In a rainbow of color and diversity, an estimated 35,000 people took to the capital’s streets Thursday for the 17th-annual Jerusalem March for Pride and Tolerance, with numerous groups, organizations and public officials participating in the parade.
The march comes against the background of heavy protest by the LGBT community and large parts of Israeli society against the recently passed surrogacy law that excludes gay men from access to child surrogacy service, and vitriolic opposition to the gay community at large from hardline elements in the national-religious community.
Two protests were held by hardline national-religious groups, one by the far-right Lehava group near the starting point of the parade at Liberty Bell Park, and the other at the Bridge of Strings.
At 5:30 p.m., amid a cordon of protection by police, Border Police and other security personnel, march participants began winding their way up Keren Hayesod and King George streets, and eventually down to Independence Park in the city center.
Along the route, the marchers chanted slogans, including, “There are lesbians and gays in Mea She’arim too,” a reference to Jerusalem’s radical ultra-Orthodox neighborhood. Some chanted against Prime Minister Benjamin Netanyahu, who reversed himself on the July 18 vote on surrogacy to deny government funding for gays.
Numerous banners and posters were waved by the participants, proclaiming, “Born this way,” “LGBT-phobia is racism,” and “I want to get married.” The latter references the lack of civil marriage in Israel.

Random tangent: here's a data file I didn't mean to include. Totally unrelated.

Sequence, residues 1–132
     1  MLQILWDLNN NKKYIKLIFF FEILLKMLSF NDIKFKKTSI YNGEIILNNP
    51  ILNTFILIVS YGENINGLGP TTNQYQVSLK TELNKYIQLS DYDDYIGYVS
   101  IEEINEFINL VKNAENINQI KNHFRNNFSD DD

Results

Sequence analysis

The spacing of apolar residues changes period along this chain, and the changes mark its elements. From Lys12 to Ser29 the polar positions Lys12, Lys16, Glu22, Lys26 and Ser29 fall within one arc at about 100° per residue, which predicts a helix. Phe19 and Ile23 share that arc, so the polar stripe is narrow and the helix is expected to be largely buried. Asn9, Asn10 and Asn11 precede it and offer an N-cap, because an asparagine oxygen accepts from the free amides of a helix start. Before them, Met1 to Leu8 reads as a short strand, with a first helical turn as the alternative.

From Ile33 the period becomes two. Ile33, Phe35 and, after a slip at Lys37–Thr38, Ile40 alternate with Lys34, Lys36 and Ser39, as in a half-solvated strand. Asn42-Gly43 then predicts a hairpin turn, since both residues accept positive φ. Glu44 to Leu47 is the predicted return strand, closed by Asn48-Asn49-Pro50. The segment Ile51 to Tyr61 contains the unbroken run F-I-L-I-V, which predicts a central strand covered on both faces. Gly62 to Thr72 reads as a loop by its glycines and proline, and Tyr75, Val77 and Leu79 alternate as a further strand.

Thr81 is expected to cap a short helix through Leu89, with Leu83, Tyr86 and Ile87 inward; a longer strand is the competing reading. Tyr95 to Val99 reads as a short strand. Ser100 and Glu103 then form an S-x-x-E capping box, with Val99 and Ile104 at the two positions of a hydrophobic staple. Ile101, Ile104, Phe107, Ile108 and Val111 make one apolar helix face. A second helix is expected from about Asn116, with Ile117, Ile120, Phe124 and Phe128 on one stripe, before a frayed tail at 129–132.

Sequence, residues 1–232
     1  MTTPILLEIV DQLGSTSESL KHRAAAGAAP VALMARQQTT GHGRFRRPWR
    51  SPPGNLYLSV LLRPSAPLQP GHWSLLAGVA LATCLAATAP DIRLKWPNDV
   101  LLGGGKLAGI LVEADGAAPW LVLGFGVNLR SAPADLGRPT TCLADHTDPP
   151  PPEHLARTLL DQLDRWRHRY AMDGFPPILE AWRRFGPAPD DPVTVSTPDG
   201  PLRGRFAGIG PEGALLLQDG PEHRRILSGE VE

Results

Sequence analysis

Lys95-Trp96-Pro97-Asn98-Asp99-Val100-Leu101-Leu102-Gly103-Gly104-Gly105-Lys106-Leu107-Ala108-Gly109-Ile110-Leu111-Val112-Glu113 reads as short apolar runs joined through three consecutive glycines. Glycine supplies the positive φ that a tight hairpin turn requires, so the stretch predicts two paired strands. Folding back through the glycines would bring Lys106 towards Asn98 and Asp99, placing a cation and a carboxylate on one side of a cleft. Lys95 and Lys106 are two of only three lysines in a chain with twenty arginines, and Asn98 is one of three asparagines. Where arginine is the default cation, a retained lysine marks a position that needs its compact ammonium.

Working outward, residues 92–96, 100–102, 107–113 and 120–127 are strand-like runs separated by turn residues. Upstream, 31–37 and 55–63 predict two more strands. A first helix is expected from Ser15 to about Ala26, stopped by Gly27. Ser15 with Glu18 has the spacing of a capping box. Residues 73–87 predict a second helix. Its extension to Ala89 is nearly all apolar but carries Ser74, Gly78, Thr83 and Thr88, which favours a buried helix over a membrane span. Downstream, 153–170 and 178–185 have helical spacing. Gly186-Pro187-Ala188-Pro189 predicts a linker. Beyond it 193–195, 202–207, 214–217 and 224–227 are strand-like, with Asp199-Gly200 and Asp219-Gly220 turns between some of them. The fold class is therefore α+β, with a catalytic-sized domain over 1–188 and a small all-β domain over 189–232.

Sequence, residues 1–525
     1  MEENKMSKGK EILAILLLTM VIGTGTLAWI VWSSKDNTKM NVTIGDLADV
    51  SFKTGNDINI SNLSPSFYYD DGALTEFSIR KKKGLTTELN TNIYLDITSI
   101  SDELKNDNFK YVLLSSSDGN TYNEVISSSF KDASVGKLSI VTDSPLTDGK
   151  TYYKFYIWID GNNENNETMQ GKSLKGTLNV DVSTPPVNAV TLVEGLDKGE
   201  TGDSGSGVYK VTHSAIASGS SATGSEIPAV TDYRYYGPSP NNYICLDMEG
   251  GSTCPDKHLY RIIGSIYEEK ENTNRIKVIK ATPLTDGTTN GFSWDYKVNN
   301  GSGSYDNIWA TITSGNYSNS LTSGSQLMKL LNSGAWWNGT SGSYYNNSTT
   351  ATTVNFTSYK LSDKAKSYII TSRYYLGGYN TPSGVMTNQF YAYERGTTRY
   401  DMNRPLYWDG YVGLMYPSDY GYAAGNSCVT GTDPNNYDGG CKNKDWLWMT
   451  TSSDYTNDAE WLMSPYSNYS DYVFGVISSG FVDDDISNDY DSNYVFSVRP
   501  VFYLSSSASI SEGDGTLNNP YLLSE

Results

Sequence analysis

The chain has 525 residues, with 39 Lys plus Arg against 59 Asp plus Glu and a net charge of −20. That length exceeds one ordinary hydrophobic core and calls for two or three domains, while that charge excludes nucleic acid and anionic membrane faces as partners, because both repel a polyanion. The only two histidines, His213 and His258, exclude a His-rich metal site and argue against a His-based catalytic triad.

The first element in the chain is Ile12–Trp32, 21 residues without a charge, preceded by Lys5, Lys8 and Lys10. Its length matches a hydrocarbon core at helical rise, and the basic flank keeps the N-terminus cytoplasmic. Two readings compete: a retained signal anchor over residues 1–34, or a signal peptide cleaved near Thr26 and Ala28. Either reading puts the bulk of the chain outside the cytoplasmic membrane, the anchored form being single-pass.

Other marchers carried banners citing biblical verses about tolerance and love. Marchers from the Reform movement held signs reading, “Love your neighbor as you love yourself,”(Lev. 19:18). Others raised banners stating, “In the image of God He created me,” a slightly modified version of another famous passage from Genesis.
One banner held by several people read, “LGBTQIs against pinkwash, no pride in apartheid.”
Yaniv, 30, from Jerusalem and one of the participants holding this sign, said Israel has “abused its apparent image of liberalness to the world” to present an image that “everything is wonderful and everyone has equal rights, when that’s not correct for LGBTs and definitely, definitely not correct for Palestinians.”
The parade route and nearby roads were closed to traffic.
An array of liberal organizations and public figures participated in the march, including the Reform Movement and the Bina Jewish social movement.
Orthodox rabbi Aharon Leibowitz, a social activist, former member of the Jerusalem Municipal Council for the Yerushalmim Party and currently the party’s chairman of the board, was in attendance in solidarity with the LGBT community.
“Despite the fact that my presence here can be interpreted as heresy, and although I stand by Jewish law, it’s important for me to stand with a community that doesn’t feel safe, is oppressed. As a municipal leader, I feel an obligation to support this community’s right to express itself,” Leibowitz told The Jerusalem Post
Eyal Lurie-Pardes, a local gay rights activist and candidate for the Meretz Party in the October 30 Jerusalem municipal elections, told the Post that before the march began, the event held special significance this year in light of the surrogacy law, the antagonism of hardline rabbis against the LGBT community, and what he said was the disparity in public support for gay rights and current government policy.